SAN DIEGO -- For weeks into the season, the phrase "With a lineup like ours" prefaced so much of what the Mets said. Their batting order, they said, was their strength, the component that would fuel a return to the postseason even if the other components were substandard.

Those five words seldom are heard now. The offense has underwhelmed for weeks -- "at least six weeks," manager Willie Randolph said -- and not for lack of baserunners.

The Mets' inability to hit with runners in scoring position is the stick in the spokes. It has suffocated countless opportunities and is unquestionably the team's primary weakness.

The Mets began their game here on Monday having averaged 3.88 runs per game in the preceding 50 games -- compared to 5.15 per game last year -- and 5.11 in the first 42 games this season.

The middle of order, namely Carlos Beltran and Carlos Delgado, has been mostly responsible for the offensive shortfall.

Beltran had seven hits in nine at-bats with runners in scoring position during a 10-day sequence in late June. Since then and through Monday, he has one hit in 15 at-bats in those situations. And excluding that nine at-bat sequence, he was batting .185 in 81 at-bats overall through Monday.

Delgado had seven hits in his first 20 at-bats with RISP this season. And through Monday, he had six in 18. But beginning April 20 and running through June 20, he batted .123 in 57 such at-bats. For the season, entering the game Tuesday, his average was .211.

Not surprisingly, Beltran (90) and Delgado (95) had batted more with runners in scoring position than any other Mets hitters through Monday, and their combined slugging percentage in those 185 at-bats was .318.

But it goes beyond the Carlos brothers.

"We're not hitting as a team," Howard Johnson said Tuesday, his fifth day as hitting coach. "We're not believing we can hit, and that's troubling. We have to start feeling good about what we do."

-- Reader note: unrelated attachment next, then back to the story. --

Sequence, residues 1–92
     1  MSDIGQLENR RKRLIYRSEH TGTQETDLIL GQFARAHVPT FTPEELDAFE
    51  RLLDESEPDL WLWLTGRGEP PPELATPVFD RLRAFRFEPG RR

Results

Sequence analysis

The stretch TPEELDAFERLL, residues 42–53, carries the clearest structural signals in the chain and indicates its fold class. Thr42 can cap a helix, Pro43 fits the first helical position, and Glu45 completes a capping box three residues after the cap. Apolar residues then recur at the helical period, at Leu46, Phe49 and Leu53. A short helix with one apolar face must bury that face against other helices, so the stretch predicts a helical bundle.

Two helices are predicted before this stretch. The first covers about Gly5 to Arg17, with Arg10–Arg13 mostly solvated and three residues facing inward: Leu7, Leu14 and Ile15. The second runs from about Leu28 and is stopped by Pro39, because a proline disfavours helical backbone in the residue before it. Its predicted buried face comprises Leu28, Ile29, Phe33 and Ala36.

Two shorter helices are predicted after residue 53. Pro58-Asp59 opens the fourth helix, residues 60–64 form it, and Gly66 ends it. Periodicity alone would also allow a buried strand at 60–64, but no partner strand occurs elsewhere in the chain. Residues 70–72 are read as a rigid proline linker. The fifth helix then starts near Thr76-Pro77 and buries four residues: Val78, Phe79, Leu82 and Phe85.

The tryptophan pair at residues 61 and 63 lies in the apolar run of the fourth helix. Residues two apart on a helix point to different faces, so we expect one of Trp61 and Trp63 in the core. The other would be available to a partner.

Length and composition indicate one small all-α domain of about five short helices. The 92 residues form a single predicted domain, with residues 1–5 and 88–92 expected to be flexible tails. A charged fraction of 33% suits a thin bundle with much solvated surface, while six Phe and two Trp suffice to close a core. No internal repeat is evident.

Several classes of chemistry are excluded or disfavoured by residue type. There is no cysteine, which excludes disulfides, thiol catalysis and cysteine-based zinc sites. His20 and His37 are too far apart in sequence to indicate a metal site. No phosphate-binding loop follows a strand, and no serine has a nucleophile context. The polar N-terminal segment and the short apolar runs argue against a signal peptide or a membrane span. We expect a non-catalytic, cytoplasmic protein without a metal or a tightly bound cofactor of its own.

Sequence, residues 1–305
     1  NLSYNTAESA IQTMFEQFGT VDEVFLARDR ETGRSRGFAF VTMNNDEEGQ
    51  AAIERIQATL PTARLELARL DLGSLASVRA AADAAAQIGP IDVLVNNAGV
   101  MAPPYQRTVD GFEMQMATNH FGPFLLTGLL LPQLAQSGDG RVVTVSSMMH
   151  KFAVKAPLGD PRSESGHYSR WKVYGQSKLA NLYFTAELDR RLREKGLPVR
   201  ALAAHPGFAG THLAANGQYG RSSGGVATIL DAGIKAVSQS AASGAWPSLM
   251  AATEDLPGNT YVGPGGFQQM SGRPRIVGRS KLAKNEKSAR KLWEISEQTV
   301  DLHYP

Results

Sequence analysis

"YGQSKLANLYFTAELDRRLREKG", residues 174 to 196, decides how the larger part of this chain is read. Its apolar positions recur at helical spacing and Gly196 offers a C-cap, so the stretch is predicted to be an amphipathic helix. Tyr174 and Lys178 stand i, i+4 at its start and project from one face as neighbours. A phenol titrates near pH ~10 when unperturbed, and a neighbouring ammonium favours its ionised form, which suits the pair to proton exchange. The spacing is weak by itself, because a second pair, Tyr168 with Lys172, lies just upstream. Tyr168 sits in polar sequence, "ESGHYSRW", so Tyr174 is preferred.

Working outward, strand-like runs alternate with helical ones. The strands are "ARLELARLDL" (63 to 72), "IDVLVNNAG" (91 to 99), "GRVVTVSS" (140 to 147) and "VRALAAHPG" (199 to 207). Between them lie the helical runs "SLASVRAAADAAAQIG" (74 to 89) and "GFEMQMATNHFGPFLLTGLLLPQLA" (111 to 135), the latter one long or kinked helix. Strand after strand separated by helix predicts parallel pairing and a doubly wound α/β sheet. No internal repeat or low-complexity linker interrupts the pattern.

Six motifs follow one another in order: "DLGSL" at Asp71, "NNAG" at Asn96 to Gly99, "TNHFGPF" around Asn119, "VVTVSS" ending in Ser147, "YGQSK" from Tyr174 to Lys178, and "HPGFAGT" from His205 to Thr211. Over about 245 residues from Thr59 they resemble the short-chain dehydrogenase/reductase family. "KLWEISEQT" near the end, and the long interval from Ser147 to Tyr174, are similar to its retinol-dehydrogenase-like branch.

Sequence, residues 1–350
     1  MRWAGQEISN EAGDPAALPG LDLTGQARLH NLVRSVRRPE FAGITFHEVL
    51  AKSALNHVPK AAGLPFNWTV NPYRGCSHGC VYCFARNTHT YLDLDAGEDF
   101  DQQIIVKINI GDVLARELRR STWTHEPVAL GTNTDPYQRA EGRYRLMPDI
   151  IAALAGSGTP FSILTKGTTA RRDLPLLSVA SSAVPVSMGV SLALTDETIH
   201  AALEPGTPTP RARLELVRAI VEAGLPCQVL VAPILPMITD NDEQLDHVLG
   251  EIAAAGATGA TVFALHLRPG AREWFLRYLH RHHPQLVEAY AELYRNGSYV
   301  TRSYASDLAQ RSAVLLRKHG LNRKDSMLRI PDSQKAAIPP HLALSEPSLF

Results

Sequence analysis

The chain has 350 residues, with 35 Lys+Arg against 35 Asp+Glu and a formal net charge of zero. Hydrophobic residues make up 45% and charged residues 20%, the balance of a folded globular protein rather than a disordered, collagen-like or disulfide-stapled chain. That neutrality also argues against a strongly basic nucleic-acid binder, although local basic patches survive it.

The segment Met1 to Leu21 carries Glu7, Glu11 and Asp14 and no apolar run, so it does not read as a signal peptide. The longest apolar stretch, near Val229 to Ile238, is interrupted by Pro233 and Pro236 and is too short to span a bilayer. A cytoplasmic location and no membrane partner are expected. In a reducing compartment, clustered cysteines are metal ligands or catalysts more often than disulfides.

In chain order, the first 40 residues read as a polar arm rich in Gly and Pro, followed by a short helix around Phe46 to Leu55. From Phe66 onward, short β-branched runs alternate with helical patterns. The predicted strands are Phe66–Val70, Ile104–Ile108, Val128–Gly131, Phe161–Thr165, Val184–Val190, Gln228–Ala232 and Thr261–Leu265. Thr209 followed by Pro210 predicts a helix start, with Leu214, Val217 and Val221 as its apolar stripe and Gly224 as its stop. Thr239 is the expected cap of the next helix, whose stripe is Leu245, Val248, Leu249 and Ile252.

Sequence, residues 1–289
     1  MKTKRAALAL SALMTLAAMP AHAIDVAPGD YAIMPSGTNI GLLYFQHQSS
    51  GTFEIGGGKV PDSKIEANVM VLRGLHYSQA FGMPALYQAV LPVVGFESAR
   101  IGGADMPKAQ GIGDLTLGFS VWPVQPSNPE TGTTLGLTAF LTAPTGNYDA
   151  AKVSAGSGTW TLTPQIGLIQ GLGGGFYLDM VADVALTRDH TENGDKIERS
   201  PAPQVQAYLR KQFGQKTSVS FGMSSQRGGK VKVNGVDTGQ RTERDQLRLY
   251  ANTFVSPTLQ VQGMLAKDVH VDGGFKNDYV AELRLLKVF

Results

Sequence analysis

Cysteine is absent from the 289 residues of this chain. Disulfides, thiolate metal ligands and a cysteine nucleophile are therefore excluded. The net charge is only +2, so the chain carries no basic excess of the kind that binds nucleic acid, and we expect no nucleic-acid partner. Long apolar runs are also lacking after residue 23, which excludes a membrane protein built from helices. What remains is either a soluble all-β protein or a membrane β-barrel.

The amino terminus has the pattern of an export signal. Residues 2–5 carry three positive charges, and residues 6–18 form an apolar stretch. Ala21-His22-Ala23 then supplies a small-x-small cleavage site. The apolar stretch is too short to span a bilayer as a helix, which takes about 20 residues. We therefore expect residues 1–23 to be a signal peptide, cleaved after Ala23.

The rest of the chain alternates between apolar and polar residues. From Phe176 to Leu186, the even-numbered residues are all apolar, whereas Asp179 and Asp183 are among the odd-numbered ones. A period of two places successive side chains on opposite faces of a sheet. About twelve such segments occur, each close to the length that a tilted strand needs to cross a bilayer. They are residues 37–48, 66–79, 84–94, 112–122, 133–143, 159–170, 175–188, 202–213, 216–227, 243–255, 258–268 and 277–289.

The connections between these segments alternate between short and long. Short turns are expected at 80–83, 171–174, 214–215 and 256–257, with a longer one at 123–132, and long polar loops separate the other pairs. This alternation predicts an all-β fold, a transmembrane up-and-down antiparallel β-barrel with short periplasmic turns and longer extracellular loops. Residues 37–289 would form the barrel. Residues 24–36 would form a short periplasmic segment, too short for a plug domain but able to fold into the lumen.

Confidence comes from hitting, though.

What a steal: Orlando Hernandez stole second base and scored in the fifth inning. The steal was the third of his career and second in two starts. Tom Seaver was the last Mets pitcher to steal two bases in a season. He had two, also in successive starts, in 1967, his rookie season. He was 22 years old. El Duque is listed at 38 but might be as old as 41.

Progress? Moises Alou was to play the outfield Tuesday in his second rehab game, but he served as the designated hitter for the Rookie-level Gulf Coast Mets. He was hitless in one at-bat, walked and was hit by a pitch. He stole a base and scored once. The Mets remain in a wait-and-see position with the disabled veteran.

Chip ahoy: The Mets promoted 27-year-old right-handed-hitting outfielder Chip Ambres from their Triple-A Norfolk affiliate on Tuesday. He replaces Damion Easley, who was assigned to the bereavement list. Easley, who remained with his ailing father in Riverside, Calif., is assigned for a minimum of three days and a maximum of seven.

Ambres was batting .272 with 60 runs, 18 doubles, 16 home runs, 49 RBIs in 301 at-bars with the Zephyrs. He had walked 46 times and struck out 71 times.

The Mets signed him as a free agent in December. A first-round Draft selection of the Marlins in 1998, Ambres appeared in 53 games with the Royals in 2005, batting .241 with eight doubles, four home runs and nine RBIs in 145 at-bats.

Willie Randolph said Marlon Anderson, re-signed by the Mets last week, hadn't yet had sufficient at-bats to be ready for the big leagues, but his return to the Mets in on the not-too-distant horizon.

This date in Mets history -- July 18: Joe Hicks produced a perfect ending for the Mets on this date in 1963. He hit a two-run home run against Don Larsen in the 11th inning to produce a 9-7 victory against the Giants at the Polo Grounds ... Five years later, Tom Seaver stuck out 10 Pirates batters, including Roberto Clemente three times, in a six-hitter in the Mets' 3-0 victory in Forbes Field. Clemente struck out 21 times in 62 career at-bats against Seaver. Matty Alou, a .359 career hitter against Seaver, had three of the six hits.

The Mets' 8-5 loss to the Cardinals in St. Louis on this date in 1971 was their 14th loss in a 16-game sequence that put their record at four games over .500. They had been two games behind the first-place Pirates through June. They were 13 1/2 games behind on July 21 ... Mickey Lolich pitched his second shutout in four starts and his second and last in 37 starts in the National League on this date in 1976. A Mets pitcher in 1976 only, Lolich beat the Braves on a two-hitter at Shea Stadium ... A grand slam by Dave Gallagher was one of four home runs the Mets hit in a 12-6 victory against the Giants at Candlestick Park on this date in 1993. The victory was the second in a sequence of three straight victories, the team's longest winning streak in its first 99 games. The longest streak for the Mets that season was six games -- their final six games.

Coming up: The Mets face Greg Maddux in the third game of the series at PETCO Park on Wednesday night at 10:05 p.m. ET. John Maine, the Mets' starter, faces the Padres for the first time in his career.